The Convention on International Trade in Endangered Species of Wild Fauna and Flora (CITES) is an international regulatory treaty between 182 member states. It was formed in 1973 and regulates the international trade in over 35,000 wild species of plants and animals.
The 17th Conference of the Parties to CITES (CoP17) will be hosted by South Africa running from 24 September to 5 October.
The focus of the convention is not solely on the protection of species. It also promotes controlled trade that is not detrimental to the sustainability of wild species. It has become the best-known conservation convention in the world.
Illegal wildlife trafficking is a major global problem and CITES is the premier multilateral arrangement to address the problem. The upcoming conference is therefore crucial for advancing human and environmental welfare.
The nature and size of the problem
A recent United Nations report states that the trafficking of wildlife is both a specialised area of organized crime and a significant threat to many plant and animal species.
And the latest Great Elephant Census reveals that there are only about 375,000 savannah elephants remaining in Africa. Populations are currently shrinking by 8% per across the continent, primarily due to poaching.
Katarzyna Nowak, research associate in Zoology and Entomology at the University of the Free State, notes that illegal wildlife trade deprives nations of their biodiversity, income opportunities and natural heritage and capital.
A 2015 paper in an Oxford journal states:
Most mammalian megafauna face dramatic range contractions and population declines… 60% of the world’s largest herbivores are classified as threatened with extinction on the International Union for the Conservation of Nature (IUCN) Red List.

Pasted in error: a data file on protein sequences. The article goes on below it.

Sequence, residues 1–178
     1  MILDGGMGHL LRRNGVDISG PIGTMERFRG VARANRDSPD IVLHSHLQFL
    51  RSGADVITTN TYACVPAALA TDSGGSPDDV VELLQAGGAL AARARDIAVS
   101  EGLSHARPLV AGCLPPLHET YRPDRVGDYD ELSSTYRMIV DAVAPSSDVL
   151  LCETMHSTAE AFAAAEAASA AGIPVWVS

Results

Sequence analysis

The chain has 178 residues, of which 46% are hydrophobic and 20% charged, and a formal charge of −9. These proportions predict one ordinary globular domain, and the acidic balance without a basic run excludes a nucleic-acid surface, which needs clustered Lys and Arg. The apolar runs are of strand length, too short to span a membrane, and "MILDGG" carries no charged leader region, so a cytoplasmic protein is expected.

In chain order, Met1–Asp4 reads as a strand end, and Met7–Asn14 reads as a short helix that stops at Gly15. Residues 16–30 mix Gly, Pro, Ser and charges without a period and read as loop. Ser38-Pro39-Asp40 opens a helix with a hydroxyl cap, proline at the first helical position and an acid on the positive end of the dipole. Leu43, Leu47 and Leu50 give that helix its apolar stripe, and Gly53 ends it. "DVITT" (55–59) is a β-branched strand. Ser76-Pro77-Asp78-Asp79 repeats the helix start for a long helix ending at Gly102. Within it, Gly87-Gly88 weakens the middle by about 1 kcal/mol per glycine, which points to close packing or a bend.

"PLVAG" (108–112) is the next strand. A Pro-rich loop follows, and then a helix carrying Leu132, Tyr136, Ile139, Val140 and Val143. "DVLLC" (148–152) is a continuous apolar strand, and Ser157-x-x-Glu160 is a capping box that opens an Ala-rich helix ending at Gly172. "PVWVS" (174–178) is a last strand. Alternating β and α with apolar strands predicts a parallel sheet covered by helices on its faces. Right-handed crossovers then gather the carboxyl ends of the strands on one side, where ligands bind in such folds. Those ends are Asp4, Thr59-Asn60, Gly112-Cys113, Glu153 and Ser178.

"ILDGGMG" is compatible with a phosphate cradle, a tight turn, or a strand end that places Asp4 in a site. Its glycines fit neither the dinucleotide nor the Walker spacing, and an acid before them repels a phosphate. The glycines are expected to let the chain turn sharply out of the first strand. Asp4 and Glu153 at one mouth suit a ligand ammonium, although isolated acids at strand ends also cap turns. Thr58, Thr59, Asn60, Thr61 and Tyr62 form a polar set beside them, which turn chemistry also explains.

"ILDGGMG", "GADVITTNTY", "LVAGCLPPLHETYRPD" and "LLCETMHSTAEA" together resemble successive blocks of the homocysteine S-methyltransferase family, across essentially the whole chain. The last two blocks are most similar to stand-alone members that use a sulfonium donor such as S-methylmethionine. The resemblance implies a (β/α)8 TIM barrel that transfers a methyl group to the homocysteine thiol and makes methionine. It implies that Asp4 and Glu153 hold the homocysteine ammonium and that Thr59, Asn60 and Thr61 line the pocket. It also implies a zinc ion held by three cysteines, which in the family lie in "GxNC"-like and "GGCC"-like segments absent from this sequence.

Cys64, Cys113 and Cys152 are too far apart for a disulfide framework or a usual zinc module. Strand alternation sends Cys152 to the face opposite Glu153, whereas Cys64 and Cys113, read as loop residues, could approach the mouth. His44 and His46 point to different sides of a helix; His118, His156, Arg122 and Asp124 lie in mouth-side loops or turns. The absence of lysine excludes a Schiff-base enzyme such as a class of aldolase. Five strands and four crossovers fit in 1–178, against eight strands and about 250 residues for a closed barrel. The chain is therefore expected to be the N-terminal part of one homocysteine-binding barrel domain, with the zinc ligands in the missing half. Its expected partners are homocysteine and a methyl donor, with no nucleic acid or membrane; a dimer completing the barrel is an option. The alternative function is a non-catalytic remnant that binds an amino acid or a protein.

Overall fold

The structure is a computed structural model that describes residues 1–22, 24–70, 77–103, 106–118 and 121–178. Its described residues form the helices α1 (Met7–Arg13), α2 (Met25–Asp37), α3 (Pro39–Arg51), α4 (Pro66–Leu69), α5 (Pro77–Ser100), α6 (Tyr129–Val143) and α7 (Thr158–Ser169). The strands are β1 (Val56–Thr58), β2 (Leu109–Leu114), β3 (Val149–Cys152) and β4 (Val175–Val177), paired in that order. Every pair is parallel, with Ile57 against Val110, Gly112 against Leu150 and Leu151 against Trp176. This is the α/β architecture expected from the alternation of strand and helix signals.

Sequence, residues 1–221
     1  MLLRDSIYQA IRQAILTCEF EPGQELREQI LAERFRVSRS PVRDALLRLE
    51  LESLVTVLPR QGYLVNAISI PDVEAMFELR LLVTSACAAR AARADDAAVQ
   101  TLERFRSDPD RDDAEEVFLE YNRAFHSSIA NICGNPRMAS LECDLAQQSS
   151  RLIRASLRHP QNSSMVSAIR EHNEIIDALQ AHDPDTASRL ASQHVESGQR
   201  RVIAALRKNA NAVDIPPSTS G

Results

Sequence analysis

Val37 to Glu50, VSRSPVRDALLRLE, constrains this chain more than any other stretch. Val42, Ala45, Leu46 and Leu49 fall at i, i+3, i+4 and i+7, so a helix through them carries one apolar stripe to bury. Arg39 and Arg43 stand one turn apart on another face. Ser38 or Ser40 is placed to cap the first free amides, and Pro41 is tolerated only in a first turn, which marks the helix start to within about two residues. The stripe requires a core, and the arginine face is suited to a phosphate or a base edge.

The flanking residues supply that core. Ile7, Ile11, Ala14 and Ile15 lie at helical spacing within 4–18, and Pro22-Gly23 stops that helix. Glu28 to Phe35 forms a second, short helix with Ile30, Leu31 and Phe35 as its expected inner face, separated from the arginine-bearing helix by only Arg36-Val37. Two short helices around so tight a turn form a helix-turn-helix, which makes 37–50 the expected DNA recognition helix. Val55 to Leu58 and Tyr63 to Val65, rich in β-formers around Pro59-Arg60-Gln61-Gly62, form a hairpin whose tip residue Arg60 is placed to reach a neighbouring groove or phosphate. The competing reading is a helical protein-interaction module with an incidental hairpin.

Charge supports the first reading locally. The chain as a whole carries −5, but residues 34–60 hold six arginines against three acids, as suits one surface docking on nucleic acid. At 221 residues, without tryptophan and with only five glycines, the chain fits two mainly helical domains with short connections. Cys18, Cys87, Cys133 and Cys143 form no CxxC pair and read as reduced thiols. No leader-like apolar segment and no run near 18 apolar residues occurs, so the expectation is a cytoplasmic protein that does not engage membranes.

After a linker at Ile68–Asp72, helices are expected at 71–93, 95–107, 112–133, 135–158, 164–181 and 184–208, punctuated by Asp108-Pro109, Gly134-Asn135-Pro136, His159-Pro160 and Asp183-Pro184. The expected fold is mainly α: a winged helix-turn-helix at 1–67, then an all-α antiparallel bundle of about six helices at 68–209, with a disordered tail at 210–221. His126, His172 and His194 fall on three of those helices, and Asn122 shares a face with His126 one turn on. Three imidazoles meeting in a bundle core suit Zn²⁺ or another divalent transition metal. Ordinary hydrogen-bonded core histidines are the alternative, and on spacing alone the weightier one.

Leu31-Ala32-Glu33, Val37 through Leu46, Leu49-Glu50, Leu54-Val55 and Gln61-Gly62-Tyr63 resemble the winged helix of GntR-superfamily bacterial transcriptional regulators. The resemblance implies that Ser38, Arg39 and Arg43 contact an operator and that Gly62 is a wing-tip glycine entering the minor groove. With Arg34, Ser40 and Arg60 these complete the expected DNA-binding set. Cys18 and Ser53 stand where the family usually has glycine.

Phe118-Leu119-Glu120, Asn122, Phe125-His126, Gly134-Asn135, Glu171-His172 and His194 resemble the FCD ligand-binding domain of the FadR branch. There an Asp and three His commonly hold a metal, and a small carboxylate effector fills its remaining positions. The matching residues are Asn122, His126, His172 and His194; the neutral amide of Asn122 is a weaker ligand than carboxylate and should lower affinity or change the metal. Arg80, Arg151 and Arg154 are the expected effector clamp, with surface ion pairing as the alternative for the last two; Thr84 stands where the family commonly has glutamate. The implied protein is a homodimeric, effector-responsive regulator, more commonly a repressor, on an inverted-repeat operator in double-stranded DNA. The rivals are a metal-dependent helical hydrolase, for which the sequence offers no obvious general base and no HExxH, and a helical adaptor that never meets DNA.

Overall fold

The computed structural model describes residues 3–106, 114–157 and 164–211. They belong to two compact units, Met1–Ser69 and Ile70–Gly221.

In addition to poaching and trafficking, habitat contraction and fragmentation threaten species survival. Livestock encroachment into wildlife habitats, land-use change and armed conflict combine to account for contraction. Fragmentation also threatens large migratory species, as smaller pockets of protected areas often cannot support sustainable populations of large herbivores and carnivores.
CITES can therefore only deal with one dimension of a much broader problem. But the more effective it becomes at dealing with trafficking, the more traction is likely to be gained in tackling the others.
How does CITES work?
The convention works primarily through a system of classification and licensing. Wild species are categorised in Appendices I to III. This often reflects species’ threat status on the Red List of the IUCN, the International Union for Conservation of Nature’s Red List of Threatened Species first created in 1964.
Appendix I prohibits trade in species classified as highly endangered. Appendix II allows trade under very specific conditions. This requires exporting countries obtain a permit, but not the importing country. Appendix III species require only a certificate of origin to be traded.
National CITES management authorities may issue permits once scientific authorities show non-detriment findings. In other words, scientific evidence must demonstrate that species sustainability will not be adversely affected by trade. Where data is lacking, the precautionary principle applies.
For instance, elephants are protected under Appendix I and II because of the geographically differentiated threats facing different populations. Either way, if countries cannot demonstrate that the trade in ivory will not result in species decline, they will not be allowed to trade.
Part of the difficulty of allowing the occasional sale of ivory is that sufficient, reliable data on how markets may respond is not available. A vast volume of ivory is sold illegally, and so scientists and statisticians cannot get good data to establish whether one-off sales of ivory exacerbate demand for ivory, or what kind of impact sales may have on speculative activity.